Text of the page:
Solder Bar and Ingot

Solder product in its most basic form consists of melting the constituent parts of the alloy recipe and “running it” to moulds to form the desired bar or ingot shape required by the customer. The density difference between lead-free and lead-containing alloys directly impacts the number of additional bars or ingots cast or extruded in relation to an equivalent batch weight of tin lead solders.

Energy costs will also increase. Higher energy costs are due to the difference in liquid temperatures of lead-free alloys and the higher blending pot temperatures required to formulate alloys. Producers are also investing in casting or extruding lead-free alloys into differing shapes. These new shapes provide a visual difference for the user that can eliminate the accidental substitution of a lead-free solder with a tin/lead solder in the wave soldering process. To avoid lead contamination, some manufacturers have invested in dedicated melting pots and equipment designed solely for lead-free production.

In all applications where the user must use an existing lead-containing solder pot or wave bath, remember that the corresponding weight of the lead-free alloy required to fill the pot is 14.1% less. Additional costs to consider with lead-free solder products are the monitoring and control of lead contamination in the manufacturing processes.

Cored Solder Wires

Cored solder wires have a far more complex manufacturing process and involve:
  • The formulation of flux for the core
  • Billet casting of the alloy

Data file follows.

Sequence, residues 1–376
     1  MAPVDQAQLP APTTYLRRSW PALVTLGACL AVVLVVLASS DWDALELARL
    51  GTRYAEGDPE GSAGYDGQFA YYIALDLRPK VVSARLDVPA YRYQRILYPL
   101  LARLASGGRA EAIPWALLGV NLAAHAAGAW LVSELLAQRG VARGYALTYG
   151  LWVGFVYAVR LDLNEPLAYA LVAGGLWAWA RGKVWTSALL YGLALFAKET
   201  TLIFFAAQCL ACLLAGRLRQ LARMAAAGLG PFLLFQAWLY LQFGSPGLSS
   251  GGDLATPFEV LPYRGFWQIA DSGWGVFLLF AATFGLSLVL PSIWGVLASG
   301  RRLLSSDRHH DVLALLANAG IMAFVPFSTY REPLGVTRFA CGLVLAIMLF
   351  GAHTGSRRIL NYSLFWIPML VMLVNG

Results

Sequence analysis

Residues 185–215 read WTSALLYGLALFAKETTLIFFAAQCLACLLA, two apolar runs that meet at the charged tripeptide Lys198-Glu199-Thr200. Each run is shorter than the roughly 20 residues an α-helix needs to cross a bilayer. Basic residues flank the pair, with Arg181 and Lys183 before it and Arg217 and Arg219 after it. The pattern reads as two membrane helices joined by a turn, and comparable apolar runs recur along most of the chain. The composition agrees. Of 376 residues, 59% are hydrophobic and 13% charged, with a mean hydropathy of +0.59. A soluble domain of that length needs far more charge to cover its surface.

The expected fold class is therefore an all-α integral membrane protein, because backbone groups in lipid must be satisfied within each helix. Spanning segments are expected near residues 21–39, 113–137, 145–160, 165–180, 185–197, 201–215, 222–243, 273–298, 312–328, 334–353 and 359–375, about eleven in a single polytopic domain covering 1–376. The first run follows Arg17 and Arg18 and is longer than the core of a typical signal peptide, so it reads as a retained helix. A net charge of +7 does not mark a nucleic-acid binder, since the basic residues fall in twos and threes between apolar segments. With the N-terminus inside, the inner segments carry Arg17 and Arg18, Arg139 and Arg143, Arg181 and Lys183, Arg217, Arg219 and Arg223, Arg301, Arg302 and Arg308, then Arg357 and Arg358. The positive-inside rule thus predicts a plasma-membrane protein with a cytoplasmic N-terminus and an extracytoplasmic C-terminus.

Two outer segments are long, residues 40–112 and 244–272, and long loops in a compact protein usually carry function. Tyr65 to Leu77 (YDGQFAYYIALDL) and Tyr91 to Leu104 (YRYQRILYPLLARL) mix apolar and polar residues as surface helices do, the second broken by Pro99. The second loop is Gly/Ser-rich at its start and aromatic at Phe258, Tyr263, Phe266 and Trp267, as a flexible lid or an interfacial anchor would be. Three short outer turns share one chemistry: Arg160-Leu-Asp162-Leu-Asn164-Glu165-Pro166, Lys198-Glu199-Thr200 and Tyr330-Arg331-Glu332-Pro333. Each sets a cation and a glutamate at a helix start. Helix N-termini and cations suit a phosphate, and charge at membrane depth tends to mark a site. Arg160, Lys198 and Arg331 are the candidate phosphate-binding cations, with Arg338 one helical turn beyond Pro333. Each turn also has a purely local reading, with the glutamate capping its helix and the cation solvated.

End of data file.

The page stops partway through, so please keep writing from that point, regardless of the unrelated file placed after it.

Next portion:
• Extrusion of the cored wire product at large diameter
  • Drawing the wire to the customer’s desired diameter
  • Spooling of the wire onto reels or bobbins
  • The cost of manufacturing increases because of the increased wire length necessary for the final product to be sold by weight.
Wire drawing of lead-free products is more problematic due to the increased hardness of the lead-free alloys; therefore, it often involves smaller increments of diameter reduction in the process. This diameter reduction increases the number of drawing steps, which subsequently increases manufacturing times and costs. The alloy (metal) costs, as a result, have a smaller impact on the final cost than the manufacturing costs.

Also be aware that a consumption reduction will be realized by the user, as solder joints made from cored wire are volume-limited, and that each spool of wire at any particular diameter will have an extra 14.1% length of wire per unit weight.

Solder Pastes

Solder pastes, in their formulation and precision manufacturing techniques, are probably one of the most complex solder products. Generally, the processes consist of: